April 30, 1994 - From the April, 1994 issue

Concluding Commentary: Unsolicited Advice on Permit Streamlining

Mayor Riordan and Councilman Hal Bernson convened a Task Force to release a report on how to streamline the permit process in the City of Los Angeles. Bill Christopher, coordinator of PLAN/LA, argues that the General Plan Framework has the potential to accomplish the streamlining effort. Mr. Christopher's reasoning follows that the Framework is built upon consensus that will eliminate arguments on permitting.

In early April, a Task Force brought together by Mayor Riordan and Councilman Hal Bernson will release a report making recommendations designed to streamline the permit process in the city. Anyone who has ever been embroiled in a "Catch-22" between the conflicting rules, regulations and procedures of Building and Safety, Planning, Engineering and L.A. Department of Transportation, accepts the gospel that there has got to be a better way. 

The pending report is the second in a two-step process. Late last fall, Councilman Bernson convened a preliminary Task Force, comprised of a spectrum of interests, to review the code related aspects of streamlining. That group made approximately 25 unanimous recommendations dealing with areas ranging from added categorical exemptions under CEQA guidelines to uniform appeal procedures. Disagreement arose in only two areas. The first was a discussion about the thresholds for Site Plan Review. The second centered on notice of public hearings. 

In the case of Site Plan Review, the argument was made that too many cases were needlessly being caught in the net. Rather than raise the thresholds and gut the ordinance, if minor issues dealing with canopies, signage and building placement were removed from the preview of Site Plan, the case load would drop by more than 50% and the primary reviews would still remain intact to meet the needs of the court findings. 

The question of notice of public hearing is a different ballgame entirely. Last summer planning staff raised the specter that the increased notice of 300 feet to 500 feet had, in their opinion, "not significantly increased public participation in the process"; besides they were getting back lots of mail addressed to “occupant" that was undeliverable. The initial move to revert to a 300 foot radius and eliminate tenants was met with uniform opposition in all of the city's neighborhoods. Mailing lists are notoriously inaccurate anyway. Any move to reduce the notice was viewed as another way of excluding the public from the process.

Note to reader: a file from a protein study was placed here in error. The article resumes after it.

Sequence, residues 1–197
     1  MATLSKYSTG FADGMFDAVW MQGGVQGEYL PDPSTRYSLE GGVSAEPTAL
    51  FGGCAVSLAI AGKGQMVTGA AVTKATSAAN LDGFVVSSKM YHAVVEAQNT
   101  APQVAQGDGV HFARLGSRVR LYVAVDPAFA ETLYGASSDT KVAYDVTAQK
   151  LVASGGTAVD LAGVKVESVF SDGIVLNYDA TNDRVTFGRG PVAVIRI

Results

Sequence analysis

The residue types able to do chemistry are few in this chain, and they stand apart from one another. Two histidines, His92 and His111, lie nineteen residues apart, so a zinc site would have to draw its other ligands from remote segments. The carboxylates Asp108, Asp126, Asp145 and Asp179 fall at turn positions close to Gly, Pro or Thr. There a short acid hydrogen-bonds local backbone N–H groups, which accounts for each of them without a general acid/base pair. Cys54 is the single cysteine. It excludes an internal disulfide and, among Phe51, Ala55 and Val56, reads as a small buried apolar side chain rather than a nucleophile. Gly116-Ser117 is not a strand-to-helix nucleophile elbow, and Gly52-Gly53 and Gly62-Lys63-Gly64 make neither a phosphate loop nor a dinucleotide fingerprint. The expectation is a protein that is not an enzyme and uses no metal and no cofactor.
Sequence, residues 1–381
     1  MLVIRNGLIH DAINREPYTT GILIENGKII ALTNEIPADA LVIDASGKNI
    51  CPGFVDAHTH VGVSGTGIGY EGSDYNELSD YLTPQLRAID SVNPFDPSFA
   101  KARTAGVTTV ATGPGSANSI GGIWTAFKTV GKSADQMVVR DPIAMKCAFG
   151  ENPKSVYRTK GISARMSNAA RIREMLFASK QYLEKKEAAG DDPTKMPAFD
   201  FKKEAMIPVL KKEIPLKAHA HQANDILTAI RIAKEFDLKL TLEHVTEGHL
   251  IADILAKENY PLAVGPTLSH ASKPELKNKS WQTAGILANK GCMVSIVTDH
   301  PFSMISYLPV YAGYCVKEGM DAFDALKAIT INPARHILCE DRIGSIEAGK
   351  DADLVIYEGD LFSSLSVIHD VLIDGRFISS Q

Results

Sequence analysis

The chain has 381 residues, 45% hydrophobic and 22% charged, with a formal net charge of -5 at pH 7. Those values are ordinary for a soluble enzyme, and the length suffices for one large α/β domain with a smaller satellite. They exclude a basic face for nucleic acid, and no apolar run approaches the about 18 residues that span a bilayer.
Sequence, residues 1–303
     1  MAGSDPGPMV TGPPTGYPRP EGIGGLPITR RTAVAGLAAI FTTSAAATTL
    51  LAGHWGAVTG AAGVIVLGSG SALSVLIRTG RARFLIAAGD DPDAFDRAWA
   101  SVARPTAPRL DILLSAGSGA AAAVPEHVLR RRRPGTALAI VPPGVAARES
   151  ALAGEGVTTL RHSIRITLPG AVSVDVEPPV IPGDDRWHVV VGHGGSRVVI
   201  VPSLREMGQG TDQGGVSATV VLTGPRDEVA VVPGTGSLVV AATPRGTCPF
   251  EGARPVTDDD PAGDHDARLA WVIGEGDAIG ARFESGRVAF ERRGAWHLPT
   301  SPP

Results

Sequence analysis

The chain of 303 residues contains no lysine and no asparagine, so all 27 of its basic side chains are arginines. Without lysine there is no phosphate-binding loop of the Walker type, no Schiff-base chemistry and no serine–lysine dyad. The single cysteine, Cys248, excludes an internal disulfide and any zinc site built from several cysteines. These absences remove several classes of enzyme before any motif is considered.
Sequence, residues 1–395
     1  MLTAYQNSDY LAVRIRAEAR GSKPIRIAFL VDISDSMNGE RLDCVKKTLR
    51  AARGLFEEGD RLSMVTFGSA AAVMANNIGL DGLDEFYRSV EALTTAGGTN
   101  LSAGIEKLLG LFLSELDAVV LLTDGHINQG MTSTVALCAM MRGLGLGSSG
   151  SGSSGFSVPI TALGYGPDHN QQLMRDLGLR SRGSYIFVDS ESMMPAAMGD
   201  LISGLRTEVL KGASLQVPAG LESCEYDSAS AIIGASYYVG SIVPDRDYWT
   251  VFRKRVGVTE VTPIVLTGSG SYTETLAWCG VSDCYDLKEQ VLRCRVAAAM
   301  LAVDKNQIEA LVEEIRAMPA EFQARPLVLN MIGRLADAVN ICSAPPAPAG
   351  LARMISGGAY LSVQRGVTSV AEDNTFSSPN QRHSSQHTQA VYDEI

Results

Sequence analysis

The report due now from Mayor Riordan's Task Force is being viewed by many in the community in the same light. The work of the first task force was carried over to the second, along with several members representing industry views, but excluding those who might have had dissenting opinions. Suspicions run rampant that the short term needs and desires of the community will trample over land use reforms that have been slowly but surely secured over the past ten years. Similarly, it is feared that community concerns about streamlining, such as resolving "slight modifications", holding front yard fences to three-and-a-half feel, and combining South Central liquor cases with the mainstream ZA/BZA enforcement track will get lost in the shuffle.


Another major concern involves funding public improvements, given the viewpoint that the present method of charging high specific plan fees is a deterrent to business, along Ventura Boulevard, for example. Without a replacement funding mechanism, we will be back to the situation before the plan, where buildings got built and public improvements never happen. Given the precarious state of our city, in the wake of a recession, riot, fire and earthquake (it's a wonder any of us are still here), we need a commitment from all parties to come together to resolve these issues, not continue the fight. 

Most of the continuing arguments over by-right versus discretion in land use, exemplified by the Site Plan discussion and the notice questions would be moot if we had a serious planning basis for our decision making. The present commitment to upgrading the Police Department, detailed in a recent financial restructuring report, is all well and good, but we also need a financial commitment to upgrading our planning infrastructure as well. The General Plan Framework, now under way, is the key stepping stone. It has the potential to define a new reality for the City. If it is followed by a full court press to produce new Community Plans, the need for the by-right versus discretion argument will melt away as consensus plans are adopted, clearly defining the shape and texture of the next Los Angeles. 

It's now up to Mayor Riordan and the City Council to move forward with the Framework and foster the consensus needed to carry the City forward. The events of the past several years have created a unique window to reevaluate our destiny. We shouldn't blow the opportunity.


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